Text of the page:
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Crowne Plaza Detroit Downtown Convention Center

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Title: Crowne Plaza Detroit Downtown Convention Center  
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Language: English
Subject: Hotel Pontchartrain
Publisher: World Heritage Encyclopedia

Crowne Plaza Detroit Downtown Convention Center

Crowne Plaza Detroit Downtown Convention Center
General information
Type hotel, high-rise
Architectural style Modern
Location 2 Washington Blvd.
Detroit, Michigan

42°19′41″N 83°02′51″W / 42.328°N 83.0476°W / 42.328; -83.0476Coordinates: 42°19′41″N 83°02′51″W / 42.328°N 83.0476°W / 42.328; -83.0476

Completed 1965
Roof 75 m (246 ft)
Technical details
Floor count 25
Floor area 367 hotel rooms
Design and construction
Architect King & Lewis

The Crowne Plaza Detroit Downtown Convention Center, is a high-rise hotel in downtown Detroit, Michigan. It is located across the street from Cobo Center and from 150 West Jefferson. The building was constructed in 1965 to a height of 25 floors (75 metres, or 245 feet). It contains 367 rooms, and is used as a hotel, restaurant, and fitness center. Originally known as The Pontchartrain, King & Lewis designed the hotel in the modern architectural style with contemporary French interior employing angular bay windows in its design, which provides every room with views of the International Riverfront.


The hotel was originally intended to have a twin tower, on the other side of the plot, but it was never built. George H.W. Bush stayed at the hotel during the 1980 Republican National Convention.

The hotel is built on the exact site as Fort Pontchartrain (for which it was originally named), Detroit's first permanent European settlement, built in 1701, which later became known as Fort Detroit.[1]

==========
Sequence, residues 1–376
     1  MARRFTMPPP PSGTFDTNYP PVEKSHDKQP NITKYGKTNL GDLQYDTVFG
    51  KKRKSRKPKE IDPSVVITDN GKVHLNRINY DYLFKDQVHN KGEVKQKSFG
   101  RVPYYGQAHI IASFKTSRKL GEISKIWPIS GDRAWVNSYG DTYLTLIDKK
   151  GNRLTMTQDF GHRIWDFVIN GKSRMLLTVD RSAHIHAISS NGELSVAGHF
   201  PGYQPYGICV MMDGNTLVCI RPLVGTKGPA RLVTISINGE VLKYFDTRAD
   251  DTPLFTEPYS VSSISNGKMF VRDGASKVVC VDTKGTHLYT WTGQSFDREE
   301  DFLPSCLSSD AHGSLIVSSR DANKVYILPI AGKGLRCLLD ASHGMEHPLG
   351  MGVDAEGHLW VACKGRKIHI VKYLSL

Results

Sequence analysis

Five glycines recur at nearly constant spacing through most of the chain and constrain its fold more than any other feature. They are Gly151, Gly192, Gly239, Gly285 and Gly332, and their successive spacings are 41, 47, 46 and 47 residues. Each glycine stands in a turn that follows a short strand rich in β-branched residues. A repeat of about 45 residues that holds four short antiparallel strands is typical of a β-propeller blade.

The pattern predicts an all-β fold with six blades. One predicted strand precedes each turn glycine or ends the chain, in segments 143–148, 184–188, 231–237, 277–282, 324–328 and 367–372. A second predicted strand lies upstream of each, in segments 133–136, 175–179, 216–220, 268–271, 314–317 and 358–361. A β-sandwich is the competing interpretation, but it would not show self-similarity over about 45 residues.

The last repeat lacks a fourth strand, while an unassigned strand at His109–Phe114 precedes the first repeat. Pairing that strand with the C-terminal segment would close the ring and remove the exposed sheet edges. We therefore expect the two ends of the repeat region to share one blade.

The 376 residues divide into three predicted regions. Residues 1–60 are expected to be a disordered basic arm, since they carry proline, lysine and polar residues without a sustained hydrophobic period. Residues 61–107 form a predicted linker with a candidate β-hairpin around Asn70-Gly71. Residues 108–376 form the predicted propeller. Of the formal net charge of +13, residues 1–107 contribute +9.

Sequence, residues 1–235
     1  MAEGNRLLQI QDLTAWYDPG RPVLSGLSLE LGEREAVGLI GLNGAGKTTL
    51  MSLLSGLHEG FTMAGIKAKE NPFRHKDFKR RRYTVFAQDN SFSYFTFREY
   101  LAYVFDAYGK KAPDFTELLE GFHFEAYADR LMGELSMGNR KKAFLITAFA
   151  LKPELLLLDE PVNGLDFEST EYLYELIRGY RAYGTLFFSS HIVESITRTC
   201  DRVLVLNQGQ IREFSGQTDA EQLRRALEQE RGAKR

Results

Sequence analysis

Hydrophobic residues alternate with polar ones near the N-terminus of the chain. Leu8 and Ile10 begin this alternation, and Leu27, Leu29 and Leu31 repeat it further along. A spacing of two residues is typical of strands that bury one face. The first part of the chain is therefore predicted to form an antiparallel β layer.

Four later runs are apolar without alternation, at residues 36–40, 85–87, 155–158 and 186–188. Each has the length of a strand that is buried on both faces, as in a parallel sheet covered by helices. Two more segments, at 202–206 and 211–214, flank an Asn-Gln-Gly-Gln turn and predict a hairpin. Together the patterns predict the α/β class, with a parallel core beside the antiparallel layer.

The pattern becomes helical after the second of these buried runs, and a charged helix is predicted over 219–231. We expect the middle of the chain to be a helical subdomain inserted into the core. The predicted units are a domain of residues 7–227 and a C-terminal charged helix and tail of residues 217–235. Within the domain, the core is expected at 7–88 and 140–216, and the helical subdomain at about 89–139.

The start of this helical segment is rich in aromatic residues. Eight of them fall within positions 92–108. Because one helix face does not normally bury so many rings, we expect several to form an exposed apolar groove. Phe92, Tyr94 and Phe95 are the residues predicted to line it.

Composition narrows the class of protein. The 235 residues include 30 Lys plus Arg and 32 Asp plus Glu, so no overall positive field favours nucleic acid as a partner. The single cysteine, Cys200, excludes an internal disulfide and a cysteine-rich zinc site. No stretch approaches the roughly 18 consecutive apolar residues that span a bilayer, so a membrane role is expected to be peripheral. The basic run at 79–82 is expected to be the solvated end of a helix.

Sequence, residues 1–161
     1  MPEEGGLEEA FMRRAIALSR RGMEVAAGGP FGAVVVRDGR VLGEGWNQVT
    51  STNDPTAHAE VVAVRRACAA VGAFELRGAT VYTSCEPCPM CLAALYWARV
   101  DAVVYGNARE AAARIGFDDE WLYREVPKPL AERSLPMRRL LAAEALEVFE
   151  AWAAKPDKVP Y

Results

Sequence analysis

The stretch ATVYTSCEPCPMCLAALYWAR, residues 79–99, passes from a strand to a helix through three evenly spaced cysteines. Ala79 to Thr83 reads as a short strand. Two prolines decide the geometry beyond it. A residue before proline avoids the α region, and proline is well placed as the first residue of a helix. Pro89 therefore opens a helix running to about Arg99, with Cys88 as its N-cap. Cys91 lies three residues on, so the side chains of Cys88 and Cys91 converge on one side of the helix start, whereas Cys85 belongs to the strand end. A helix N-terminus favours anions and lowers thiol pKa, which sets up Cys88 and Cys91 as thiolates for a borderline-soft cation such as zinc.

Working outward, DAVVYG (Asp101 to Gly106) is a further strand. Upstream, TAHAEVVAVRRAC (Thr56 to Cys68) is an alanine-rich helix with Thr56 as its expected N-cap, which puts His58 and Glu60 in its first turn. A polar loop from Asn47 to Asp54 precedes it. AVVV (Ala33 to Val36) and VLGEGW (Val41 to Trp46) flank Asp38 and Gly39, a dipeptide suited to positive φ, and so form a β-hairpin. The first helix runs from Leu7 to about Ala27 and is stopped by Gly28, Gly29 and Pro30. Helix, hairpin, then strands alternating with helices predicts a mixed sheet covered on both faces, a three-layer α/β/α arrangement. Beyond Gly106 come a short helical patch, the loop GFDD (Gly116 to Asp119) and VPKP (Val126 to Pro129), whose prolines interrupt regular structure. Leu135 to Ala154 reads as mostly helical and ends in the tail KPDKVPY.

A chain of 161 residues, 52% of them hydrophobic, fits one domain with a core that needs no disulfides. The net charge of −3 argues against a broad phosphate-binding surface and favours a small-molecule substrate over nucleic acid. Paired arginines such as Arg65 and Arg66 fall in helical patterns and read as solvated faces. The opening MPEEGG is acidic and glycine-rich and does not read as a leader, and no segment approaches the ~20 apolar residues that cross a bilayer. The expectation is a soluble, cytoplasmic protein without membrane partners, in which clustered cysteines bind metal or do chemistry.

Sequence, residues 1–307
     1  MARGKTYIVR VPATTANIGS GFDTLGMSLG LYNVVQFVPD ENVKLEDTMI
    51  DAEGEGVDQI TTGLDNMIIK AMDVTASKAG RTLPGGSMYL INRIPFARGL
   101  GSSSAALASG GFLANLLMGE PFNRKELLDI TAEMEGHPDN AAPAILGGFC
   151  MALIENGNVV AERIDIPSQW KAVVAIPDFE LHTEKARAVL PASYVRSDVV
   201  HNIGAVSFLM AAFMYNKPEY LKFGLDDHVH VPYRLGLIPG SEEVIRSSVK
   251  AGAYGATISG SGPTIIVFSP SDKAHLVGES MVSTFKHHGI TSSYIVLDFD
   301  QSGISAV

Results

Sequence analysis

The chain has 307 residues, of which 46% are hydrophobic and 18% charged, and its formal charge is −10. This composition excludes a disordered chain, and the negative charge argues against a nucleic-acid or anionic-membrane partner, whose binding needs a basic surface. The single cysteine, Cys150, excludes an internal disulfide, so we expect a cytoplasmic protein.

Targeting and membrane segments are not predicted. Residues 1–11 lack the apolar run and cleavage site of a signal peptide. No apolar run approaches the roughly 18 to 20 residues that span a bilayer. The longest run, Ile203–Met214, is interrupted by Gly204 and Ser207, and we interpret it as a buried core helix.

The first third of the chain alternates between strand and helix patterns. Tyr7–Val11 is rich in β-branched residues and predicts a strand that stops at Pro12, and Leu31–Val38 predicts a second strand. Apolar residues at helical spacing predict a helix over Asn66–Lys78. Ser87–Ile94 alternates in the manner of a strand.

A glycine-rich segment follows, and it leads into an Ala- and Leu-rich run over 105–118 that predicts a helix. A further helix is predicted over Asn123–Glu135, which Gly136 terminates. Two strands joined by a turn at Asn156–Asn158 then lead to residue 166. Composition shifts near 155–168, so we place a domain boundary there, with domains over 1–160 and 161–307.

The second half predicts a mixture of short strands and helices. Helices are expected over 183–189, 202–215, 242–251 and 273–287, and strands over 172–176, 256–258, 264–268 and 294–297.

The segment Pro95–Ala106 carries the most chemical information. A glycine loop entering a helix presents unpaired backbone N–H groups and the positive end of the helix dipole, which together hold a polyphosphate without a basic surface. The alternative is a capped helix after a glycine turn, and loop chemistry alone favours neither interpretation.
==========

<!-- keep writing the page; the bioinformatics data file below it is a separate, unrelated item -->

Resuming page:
In 1985, the hotel was purchased by Crescent Hotel Group, a subsidiary of Lincoln Savings & Loan for $19.5 million. Lincoln S&L Chairman Charles Keating soon thereafter arranged to buy the hotel outright from the company and set up the Hotel Ponchartrain LP, controlled by Keating, his family, and executive contacts. The sale was financed by a series of ethically questionable loans from Lincoln and its subsidiaries and totaled $38 million.[2] This arrangement was later cited by Sen. Donald W. Riegle (D-MI) as his basis for considering Keating a constituent during his involvement in the Keating Five scandal.[3]

It later operated as the Crowne Plaza Detroit Pontchartrain. In 2006, Shubh LLC purchased the hotel and in 2007, the building underwent a major renovation and became the Sheraton Detroit Riverside. Within a year, however, the hotel had its

In March 2012, the hotel was sold by the Receiver, David Findling to an unnamed investor who reportedly plans to renovate it and enter into a management agreement with Crowne Plaza Hotels & Resorts, a division of InterContinental Hotels .[7] The Detroit Metro Convention & Visitors Bureau reported that the purchaser is Mexico-based developer Gabriel Ruiz. Details of the renovation and agreement with Crowne Plaza were incomplete when the announcement was made.[8] The Hotel reopened on July 17, 2013,[9] as the Crowne Plaza Detroit Downtown Convention Center. Due to the quality of the renovation the hotel was awarded the development of the year" by IHG Intercontinental Hotel Group in their anual convention in Las Vegas in October 2013.


Further reading

External links

  • Official website
  • Detroit Riverside Hotel at
  •'s profile of Detroit Riverside Hotel
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